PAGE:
A decade ago, gaming had a much different role in the workplace. Reserved for young, “hip” organisations with nap rooms and bring-your-pet-to-work-policies, games were merely a fun distraction from the daily grind.
Now, gaming isn’t just a pastime for tech-savvy young upstarts. Instead, it’s a bona fide development tool, helping some of the world’s biggest organisations (IBM, Deloitte, Marriott, Cisco) create better trained, happier workforces, improve employee retention, build stronger teams, and better solve their customers’ problems.
Training & Development
Games are incredibly effective from an HR standpoint, significantly improving results of new hire training and skill development. According to a whitepaper by Learnovate Centre, employees who were trained using game-based learning methods had 14% higher task-based knowledge, 11% higher factual-based knowledge, and were 20% more confident in their new job tasks than those who were trained using more traditional educational methods.
But gaming doesn’t just help with the initial hire of an employee; it can also improve results of continued education, training and leadership development of existing staff members. Take Deloitte for example. The massive, worldwide consulting firm offers what’s called the “Deloitte Leadership Academy” to its executive-level staff. The platform challenges players to a series of training “missions” that, when completed, award users badges and unlock more complex training programs. Missions vary depending on the goal, but many include videos, interactive quizzes, self-assessments and more.
The platform essentially makes learning a competition, with leaderboards and even newsfeeds a la Facebook. The academy saw a 37% jump in weekly users just a few short months after launch. It has also helped reduce leadership certification time in half. Currently, more than 50,000 executives across 14 countries are using the game.
The U.S. Army also uses gaming in its leadership development, with a simulator called “First Person Cultural Trainer”. The game allows junior leaders to create a personal avatar and interact—using a first-person point-of-view–with foreign community members in a 3D environment. There are four levels of the game, each one increasing in difficulty to help the user build communication, interpersonal and intelligence gathering skills. According to the Army’s website, it challenges leaders to “understand the consequences—good and bad—of their speech, body language, posture, temperaments, and actions.”
Teambuilding & Employee Engagement
Though labour productivity is on the rise, it’s still significantly lower than it was just two years ago. And sadly, it’s not something simply working more hours can fix.
You see, we have a major engagement problem on our hands. According to a study by Mill For Business, 71% of all employees are not fully engaged in their work. In fact, 26% are actively disengaged.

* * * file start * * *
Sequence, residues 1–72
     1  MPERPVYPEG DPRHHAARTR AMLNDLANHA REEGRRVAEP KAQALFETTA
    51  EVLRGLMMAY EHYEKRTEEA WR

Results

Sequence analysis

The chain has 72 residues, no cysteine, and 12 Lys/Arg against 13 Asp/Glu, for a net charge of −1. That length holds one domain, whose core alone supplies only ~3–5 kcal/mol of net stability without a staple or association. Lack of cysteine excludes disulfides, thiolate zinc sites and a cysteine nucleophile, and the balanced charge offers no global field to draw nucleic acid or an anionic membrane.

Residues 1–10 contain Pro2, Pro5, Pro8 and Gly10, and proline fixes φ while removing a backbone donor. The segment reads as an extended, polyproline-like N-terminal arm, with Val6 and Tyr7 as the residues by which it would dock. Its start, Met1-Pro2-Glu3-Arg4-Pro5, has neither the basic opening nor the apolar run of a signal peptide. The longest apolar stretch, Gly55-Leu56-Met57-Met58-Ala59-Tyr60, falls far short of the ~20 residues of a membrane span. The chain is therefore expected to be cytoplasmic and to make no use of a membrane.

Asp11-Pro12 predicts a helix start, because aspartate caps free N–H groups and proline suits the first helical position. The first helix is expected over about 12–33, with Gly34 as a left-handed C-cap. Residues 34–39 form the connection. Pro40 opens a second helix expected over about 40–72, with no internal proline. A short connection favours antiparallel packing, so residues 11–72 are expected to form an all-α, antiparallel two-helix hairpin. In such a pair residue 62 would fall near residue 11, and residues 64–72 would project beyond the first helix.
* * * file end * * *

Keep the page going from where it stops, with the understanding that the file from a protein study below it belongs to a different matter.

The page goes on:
So what does this mean for productivity? Well, engaged employees are more productive. They’re happier to be at work, and they’re willing to work harder and longer than those who aren’t. In fact, according to that same study, companies with engaged employees outperform their peers by up to 202%.
Companies with engaged employees outperform their peers by up to 202%.
Games offer a major opportunity to address this engagement issue. Take the company LiveOps, for example. A provider of virtual call centers, LiveOps uses games to keep its call agents on task and involved in their work, awarding them points (and eventually awards) for things like keeping calls short, closing a sale, satisfying a customer, and more. There are even leaderboards to add a competitive edge.
We live in an age of disruption. Uber threw the taxi and transport industry into upheaval, and Airbnb is giving traditional hospitality chains a run for their money. These disruptions weren’t devised by playing it safe – something that most companies and corporations do simply to protect their bottom line.
With games, however, there are no real-world repercussions for taking a risk. Employees can role-play, put themselves in the shoes of their customers, and try left-field solutions that might otherwise have been impossible. The stakes are lower, and there’s no hefty bill or stock market drop if it doesn’t work out.
A good example is the “In Their Shoes” app we recently created for Takeda Pharmaceuticals. The unique app allows Takeda employees to assume the perspective of their customers – patients suffering from Inflammatory Bowel Disease. They really get a feel for the struggles IBD sufferers face in their daily lives, building empathy and true understanding between business and customer.
This gives Takeda team members a competitive edge. By really understanding their customers’ unique problems (and doing so without any real-world or financial risk to the company), they’re able to better devise innovative solutions their competitors can’t. This positions them for more success, both today and in the long-term.
By really understanding their customers’ unique problems, Takeda are able to better devise innovative solutions their competitors can’t.
The possibilities of gamification are infinite. Some companies are even starting to use games in the recruitment process, including hotel titan Marriott. The organisation has launched a game called “My Marriott Hotel”, which it uses to introduce potential employees to the breadth and depth of hotel management.
The moral of the story? Games are no longer just a distraction from work. They’re boosting productivity, increasing engagement, and building better-trained workforces across all industries – and that’s something any executive can get behind.